The Gondoliers - Review

Review by Carolyn Watts

 

Gilbert and Sullivan Opera Sydney.

When Gilbert and Sullivan penned The Gondoliers (first performed in 1889) they certainly didn’t envisage the Aussie icon ‘Skippy the bush kangaroo’ playing a role; while Skip didn’t get an actual role, he does get a mention in the performances gracing Sydney stages until October 3.

The G&S Society’s performance is enthusiastic, full voiced, and played with theatrical aplomb. With a mix of lighter and fully operatic voices, this is a performance to remember.

Set in Venice (complete with a backdrop of gondolas on canals) this story of love, confused identities and even unintentional bigamy, amplifies the authors’ original digs at nobility and in parts seems almost to have echoes of current Australian debates on republicanism.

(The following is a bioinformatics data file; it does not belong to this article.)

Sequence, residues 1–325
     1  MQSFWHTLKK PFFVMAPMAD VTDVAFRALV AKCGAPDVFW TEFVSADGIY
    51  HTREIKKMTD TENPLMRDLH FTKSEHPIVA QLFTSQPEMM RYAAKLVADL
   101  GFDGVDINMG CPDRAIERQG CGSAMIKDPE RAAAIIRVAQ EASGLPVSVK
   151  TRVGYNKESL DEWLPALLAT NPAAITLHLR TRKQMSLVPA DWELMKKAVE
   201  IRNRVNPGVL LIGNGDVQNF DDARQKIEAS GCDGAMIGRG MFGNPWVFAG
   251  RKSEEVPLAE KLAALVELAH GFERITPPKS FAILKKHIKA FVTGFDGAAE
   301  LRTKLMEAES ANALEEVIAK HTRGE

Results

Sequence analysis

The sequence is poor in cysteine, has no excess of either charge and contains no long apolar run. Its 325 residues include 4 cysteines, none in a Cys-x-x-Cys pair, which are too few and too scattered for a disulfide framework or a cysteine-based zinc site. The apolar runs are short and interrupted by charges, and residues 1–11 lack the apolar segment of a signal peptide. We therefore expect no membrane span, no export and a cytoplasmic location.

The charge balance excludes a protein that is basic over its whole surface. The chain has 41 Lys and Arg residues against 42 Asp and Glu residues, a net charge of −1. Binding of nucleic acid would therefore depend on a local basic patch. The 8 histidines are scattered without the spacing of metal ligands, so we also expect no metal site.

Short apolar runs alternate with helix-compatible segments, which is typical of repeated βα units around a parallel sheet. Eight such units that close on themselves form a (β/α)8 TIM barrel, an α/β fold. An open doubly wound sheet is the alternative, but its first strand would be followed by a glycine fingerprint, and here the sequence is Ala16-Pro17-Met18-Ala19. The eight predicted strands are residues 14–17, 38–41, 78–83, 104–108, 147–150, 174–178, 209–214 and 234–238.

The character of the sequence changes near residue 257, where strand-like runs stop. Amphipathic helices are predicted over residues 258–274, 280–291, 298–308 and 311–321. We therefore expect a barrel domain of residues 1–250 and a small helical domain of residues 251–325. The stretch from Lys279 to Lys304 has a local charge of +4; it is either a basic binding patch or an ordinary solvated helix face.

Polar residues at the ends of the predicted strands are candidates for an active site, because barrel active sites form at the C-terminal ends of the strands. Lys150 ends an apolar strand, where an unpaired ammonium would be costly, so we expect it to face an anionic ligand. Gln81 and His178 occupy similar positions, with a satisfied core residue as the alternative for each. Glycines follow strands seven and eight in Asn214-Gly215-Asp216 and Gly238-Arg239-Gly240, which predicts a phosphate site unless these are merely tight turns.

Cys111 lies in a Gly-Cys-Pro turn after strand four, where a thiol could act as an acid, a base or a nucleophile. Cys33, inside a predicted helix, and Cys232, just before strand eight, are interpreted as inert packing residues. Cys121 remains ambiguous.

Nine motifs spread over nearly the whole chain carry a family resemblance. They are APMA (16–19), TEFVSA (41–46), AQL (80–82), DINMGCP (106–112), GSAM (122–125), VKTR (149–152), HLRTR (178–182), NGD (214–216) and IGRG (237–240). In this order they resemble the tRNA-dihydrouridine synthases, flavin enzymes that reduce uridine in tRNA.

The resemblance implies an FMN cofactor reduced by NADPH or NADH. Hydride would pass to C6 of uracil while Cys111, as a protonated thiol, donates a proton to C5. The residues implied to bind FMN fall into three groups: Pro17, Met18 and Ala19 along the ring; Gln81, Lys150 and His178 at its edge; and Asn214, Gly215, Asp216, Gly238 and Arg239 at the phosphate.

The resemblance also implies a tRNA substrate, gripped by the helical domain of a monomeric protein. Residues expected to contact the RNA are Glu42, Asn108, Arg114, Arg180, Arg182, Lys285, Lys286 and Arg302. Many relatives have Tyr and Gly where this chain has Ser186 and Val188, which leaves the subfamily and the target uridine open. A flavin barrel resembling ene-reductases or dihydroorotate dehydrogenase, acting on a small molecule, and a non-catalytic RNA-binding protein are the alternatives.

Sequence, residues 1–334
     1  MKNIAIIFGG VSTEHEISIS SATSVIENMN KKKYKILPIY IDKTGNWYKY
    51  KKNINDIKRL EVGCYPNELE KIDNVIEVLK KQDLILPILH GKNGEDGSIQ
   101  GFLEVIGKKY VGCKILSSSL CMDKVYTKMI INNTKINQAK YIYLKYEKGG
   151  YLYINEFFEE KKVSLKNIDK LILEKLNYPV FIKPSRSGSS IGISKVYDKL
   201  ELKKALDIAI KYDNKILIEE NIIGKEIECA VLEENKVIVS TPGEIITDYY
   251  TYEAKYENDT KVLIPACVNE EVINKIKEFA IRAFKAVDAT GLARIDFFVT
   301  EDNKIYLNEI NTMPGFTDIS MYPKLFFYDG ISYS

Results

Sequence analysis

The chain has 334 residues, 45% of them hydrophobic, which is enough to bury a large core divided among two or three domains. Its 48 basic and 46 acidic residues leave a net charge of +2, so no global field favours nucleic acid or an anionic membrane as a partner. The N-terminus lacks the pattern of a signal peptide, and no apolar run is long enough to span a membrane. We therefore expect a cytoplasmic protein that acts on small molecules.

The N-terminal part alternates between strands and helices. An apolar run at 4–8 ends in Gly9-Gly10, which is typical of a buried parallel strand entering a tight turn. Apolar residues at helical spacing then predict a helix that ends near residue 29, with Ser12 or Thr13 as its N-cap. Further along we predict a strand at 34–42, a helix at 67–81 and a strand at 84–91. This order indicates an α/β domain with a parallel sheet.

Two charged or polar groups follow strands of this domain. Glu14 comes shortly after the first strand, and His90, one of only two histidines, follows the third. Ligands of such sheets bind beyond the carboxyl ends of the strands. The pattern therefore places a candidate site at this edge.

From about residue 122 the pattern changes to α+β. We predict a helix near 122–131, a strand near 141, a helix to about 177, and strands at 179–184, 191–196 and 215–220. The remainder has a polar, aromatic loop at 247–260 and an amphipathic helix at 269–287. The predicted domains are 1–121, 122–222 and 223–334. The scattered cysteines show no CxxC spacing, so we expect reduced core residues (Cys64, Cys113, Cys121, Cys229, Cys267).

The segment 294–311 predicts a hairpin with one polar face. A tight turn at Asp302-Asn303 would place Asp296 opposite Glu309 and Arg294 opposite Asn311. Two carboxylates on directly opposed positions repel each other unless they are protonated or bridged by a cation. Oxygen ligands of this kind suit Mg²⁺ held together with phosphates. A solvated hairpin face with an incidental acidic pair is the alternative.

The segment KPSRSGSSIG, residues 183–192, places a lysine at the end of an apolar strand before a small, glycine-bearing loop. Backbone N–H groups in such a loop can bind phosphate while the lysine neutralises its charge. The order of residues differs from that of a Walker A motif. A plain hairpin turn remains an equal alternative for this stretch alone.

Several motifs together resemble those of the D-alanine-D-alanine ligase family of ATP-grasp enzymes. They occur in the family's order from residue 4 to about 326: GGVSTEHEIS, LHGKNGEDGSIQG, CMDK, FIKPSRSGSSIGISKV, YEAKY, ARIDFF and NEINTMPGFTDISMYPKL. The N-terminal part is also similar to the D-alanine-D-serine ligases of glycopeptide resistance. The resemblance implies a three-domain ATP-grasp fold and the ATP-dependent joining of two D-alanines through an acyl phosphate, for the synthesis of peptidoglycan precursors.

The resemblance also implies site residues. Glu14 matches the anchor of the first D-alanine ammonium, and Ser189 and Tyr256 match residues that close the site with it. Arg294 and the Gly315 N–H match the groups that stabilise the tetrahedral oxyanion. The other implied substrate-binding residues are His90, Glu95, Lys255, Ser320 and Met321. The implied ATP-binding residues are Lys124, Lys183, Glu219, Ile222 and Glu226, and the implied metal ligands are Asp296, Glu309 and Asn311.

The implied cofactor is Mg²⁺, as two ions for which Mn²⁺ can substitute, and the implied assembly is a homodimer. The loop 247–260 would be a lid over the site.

The romp begins with a chorus of 24 hopeful brides-to-be singing their wish to be chosen by one of the city’s two most eligible bachelors who are gondoliers and brothers.  Singing the lilting Gilbert and Sullivan harmonies we all love, 22 gondoliers soon join the 24 hopefuls and the stage is strewn with roses, true love is in the air; then the real story begins.

The Duke of Plaza-Toro (Dean Sinclair) and his Duchess (Catherine Bulfin) bring their daughter, Casilda (Stephanie Jennifer Poropat) to claim the crown of Barataria, Casilda having been married as a babe in arms to the now deceased King of Barataria. Not knowing she’s a married woman, Casilda is deeply in love with Luiz (Michael Bond), the Duke’s drummer—confusion? Yes, and hilarity as the plot lines are established and unravel with true Gilbert and Sullivan finesse.

The theatrical performances and vocal achievements of The Gondoliers will delight Gilbert and Sullivan lovers and make G & S lovers of those who come along just to enjoy some local musical theatre.

The Gondoliers is playing at the Smith Auditorium Lyric Theatre at Shore School in North Sydney.

 

Photo credits: Ray Wing Lun